Martin Seligman’s “Authentic Happiness”
Martin E.P. Seligman (W) is a pioneer of “positive psychology” (W). His book Authentic Happiness (2002) is a pop-psych examination of how people can use positive psychology in their lives (I’ve put page number references in superscript below).
Positive psychology supplements traditional psychology, which often focuses on fixing pathologies and bringing people up to a normal baseline, by aiming to help people live better, happier, more meaningful lives that exceed such a baseline.
The discipline, according to Seligman, has three focuses:xiii
positive traits (or sometimes “strengths,” “virtues,” or “abilities”). These are characteristic, abiding dispositions.
positive institutions. These are social and political structures and practices that support the virtues.
Concentrate on your strengths
Seligman believes everyone has certain strengths already (“signature strengths”), and you should concentrate on using those strengths as much as possible rather than on trying to improve your weaknesses:
“I do not believe that you should devote overly much effort to correcting your weaknesses. Rather, I believe that the highest success in living and the deepest emotional satisfaction comes from building and using your signature strengths.”13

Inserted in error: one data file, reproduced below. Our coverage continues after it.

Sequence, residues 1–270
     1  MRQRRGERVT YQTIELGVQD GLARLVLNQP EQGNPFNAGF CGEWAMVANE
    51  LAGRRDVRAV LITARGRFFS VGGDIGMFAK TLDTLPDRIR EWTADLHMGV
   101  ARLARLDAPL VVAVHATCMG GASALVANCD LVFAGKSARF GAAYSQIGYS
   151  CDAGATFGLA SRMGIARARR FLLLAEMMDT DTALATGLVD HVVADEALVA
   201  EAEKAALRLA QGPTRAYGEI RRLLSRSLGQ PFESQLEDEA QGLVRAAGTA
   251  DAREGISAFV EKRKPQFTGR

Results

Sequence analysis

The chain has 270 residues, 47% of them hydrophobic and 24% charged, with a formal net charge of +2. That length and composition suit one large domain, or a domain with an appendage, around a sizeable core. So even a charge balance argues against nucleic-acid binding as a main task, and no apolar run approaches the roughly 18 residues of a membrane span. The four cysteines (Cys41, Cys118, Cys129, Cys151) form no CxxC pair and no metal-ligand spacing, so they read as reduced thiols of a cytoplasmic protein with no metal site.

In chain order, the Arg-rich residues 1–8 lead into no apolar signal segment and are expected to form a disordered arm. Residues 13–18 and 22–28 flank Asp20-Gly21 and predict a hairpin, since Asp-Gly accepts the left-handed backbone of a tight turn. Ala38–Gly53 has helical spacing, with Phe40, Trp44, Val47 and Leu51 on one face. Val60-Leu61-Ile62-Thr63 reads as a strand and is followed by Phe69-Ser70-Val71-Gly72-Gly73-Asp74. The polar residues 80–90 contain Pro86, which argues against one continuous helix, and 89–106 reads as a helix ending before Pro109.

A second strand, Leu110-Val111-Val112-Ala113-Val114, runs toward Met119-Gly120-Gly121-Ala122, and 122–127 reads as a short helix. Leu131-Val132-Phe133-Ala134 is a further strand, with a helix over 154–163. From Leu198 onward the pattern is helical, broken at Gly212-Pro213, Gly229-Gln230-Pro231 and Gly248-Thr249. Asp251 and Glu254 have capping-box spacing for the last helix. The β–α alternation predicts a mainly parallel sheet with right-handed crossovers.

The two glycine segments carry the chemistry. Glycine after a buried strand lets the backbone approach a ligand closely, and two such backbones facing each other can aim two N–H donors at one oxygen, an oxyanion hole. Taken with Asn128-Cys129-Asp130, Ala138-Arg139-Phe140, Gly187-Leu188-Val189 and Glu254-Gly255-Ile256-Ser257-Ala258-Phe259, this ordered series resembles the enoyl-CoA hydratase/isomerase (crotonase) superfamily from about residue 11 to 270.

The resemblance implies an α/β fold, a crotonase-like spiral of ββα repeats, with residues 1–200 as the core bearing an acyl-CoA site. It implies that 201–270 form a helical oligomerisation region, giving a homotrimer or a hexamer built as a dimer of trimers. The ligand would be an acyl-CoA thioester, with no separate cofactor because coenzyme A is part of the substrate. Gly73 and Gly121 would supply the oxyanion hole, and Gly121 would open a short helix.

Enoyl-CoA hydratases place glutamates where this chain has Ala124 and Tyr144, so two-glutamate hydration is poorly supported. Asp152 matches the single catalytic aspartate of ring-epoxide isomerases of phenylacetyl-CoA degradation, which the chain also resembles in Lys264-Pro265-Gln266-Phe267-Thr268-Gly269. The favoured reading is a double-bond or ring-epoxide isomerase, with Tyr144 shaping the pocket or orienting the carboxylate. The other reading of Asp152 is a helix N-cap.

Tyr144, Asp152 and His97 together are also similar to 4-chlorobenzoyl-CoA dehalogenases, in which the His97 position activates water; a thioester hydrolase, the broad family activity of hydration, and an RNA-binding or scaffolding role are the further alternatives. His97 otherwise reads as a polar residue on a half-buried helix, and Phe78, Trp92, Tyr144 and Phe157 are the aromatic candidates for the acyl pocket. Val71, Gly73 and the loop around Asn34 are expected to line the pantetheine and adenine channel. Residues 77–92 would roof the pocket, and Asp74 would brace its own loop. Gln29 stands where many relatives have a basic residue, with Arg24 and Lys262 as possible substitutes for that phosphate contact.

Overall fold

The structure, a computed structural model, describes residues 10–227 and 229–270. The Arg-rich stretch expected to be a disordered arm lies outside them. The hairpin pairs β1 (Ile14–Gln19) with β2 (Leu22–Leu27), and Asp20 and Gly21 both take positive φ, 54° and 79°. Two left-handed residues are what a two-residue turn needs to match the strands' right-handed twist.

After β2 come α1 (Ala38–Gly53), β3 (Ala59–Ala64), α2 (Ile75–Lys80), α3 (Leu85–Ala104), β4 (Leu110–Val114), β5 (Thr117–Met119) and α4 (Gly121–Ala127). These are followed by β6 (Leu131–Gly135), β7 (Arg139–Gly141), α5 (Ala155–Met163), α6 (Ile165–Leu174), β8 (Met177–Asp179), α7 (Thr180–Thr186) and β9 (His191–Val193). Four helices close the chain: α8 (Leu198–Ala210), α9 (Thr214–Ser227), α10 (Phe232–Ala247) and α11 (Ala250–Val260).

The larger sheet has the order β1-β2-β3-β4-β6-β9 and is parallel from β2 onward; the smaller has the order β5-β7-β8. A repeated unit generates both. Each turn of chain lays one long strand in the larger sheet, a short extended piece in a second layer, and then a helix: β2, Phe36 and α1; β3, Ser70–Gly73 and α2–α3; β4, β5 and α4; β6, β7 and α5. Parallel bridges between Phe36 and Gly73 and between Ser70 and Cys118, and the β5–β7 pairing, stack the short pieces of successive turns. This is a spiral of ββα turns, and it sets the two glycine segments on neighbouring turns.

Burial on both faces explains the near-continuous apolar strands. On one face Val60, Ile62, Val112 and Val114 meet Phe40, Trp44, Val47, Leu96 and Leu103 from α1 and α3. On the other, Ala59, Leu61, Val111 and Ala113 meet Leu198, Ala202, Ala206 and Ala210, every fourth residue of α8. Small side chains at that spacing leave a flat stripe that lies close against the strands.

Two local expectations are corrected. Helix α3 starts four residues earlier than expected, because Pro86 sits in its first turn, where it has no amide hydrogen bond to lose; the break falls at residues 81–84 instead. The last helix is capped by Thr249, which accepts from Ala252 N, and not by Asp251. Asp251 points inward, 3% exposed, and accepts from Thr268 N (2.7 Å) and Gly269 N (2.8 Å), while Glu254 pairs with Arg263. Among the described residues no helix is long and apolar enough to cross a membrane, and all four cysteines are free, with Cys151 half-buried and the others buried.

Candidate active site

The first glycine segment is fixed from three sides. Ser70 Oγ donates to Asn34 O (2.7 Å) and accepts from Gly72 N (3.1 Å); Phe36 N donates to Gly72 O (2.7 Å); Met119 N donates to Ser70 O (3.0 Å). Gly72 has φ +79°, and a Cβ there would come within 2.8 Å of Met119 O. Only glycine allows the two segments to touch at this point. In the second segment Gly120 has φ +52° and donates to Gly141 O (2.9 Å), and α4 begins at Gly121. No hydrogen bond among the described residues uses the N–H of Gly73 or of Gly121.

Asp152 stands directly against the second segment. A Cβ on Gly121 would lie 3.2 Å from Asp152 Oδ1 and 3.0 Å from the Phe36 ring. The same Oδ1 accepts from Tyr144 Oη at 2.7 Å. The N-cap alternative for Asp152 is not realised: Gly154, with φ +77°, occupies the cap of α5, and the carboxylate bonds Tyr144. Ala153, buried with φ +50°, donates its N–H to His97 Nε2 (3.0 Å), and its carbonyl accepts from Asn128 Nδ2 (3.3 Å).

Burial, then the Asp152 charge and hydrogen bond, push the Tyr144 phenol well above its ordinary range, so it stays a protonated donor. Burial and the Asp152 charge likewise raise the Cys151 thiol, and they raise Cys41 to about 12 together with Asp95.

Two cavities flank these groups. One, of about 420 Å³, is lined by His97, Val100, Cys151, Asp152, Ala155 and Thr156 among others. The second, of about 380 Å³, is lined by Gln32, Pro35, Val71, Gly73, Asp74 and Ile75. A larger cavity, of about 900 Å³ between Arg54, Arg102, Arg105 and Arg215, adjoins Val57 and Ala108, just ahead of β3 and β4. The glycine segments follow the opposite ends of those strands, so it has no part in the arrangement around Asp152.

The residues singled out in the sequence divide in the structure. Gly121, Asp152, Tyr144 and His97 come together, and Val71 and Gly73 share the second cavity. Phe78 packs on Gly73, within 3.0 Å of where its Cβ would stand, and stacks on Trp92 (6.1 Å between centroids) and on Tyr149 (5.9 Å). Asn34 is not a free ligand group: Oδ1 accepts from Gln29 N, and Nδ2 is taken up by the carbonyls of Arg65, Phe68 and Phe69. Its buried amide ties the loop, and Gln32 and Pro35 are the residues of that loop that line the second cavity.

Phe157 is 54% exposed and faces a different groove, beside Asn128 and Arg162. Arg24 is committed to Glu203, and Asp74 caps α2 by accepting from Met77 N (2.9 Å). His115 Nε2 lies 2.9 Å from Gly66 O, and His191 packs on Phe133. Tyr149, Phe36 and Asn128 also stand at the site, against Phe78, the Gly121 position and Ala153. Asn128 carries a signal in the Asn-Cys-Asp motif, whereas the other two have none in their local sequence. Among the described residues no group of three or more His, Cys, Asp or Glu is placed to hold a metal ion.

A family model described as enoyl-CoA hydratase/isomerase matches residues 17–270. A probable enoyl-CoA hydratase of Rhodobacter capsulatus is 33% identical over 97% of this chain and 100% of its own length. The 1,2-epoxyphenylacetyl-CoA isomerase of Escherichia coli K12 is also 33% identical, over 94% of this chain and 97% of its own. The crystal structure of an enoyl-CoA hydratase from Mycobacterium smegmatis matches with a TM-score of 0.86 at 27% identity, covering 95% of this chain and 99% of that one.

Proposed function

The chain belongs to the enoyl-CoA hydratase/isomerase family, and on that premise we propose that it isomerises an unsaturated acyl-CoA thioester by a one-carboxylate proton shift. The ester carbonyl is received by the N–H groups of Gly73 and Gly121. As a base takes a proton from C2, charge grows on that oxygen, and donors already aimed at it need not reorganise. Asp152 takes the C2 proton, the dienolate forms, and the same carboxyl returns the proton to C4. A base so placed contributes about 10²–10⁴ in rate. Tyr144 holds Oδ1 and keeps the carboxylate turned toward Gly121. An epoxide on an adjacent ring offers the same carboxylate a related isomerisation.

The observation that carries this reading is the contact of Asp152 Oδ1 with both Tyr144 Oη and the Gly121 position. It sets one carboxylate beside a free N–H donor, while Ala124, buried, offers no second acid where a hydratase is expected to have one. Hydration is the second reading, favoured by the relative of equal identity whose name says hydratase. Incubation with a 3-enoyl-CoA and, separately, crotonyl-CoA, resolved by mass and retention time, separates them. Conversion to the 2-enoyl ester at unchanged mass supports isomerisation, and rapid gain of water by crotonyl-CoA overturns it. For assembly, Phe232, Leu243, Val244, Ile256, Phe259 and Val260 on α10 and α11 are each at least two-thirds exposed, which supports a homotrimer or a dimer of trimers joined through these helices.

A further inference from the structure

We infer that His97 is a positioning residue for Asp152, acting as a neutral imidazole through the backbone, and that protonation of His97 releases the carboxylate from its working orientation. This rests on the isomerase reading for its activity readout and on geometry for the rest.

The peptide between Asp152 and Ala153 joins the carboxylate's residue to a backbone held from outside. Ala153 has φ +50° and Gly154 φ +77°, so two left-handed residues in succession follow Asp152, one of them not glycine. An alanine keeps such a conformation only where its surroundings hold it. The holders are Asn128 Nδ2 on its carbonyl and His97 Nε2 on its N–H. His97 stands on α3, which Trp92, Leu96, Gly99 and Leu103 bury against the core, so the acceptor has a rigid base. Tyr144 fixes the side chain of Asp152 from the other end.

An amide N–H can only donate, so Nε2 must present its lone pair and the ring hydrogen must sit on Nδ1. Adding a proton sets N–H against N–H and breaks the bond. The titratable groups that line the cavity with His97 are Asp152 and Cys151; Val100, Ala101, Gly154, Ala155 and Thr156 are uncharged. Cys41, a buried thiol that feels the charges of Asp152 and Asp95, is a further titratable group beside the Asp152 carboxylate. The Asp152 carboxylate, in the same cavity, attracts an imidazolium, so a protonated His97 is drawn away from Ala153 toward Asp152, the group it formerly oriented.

Happiness is where it’s at
This is in part due to Seligman’s belief that simple “happiness” (as opposed to, say, Aristotle’s more complex eudaimonia) is our end goal. To use your signature strengths feels easy, natural, and competent; by contrast strengthening our weaknesses can be hard, frustrating, and tiring; so while the latter may help make you more well-rounded and capable, the former is more conducive to happiness.
What’s good about happiness isn’t just the enjoyable feeling itself, but that when we feel happy we are better at forming social connections, we are more “expansive, tolerant, and creative,” we learn better, and we are mentally quicker.35–36 (Though there are some conflicting studies suggesting depressed people have better critical thinking skills.37–38) Happier people are healthier and live longer. They are more satisfied in their jobs, and tend to earn more and get better employee evaluations. Two other things that seem to correlate with happiness are connection and altruism.42–43 Seligman doesn’t put much effort into explaining whether these sorts of things are mere correlations or if some sort of causation (and if so in which direction) is involved.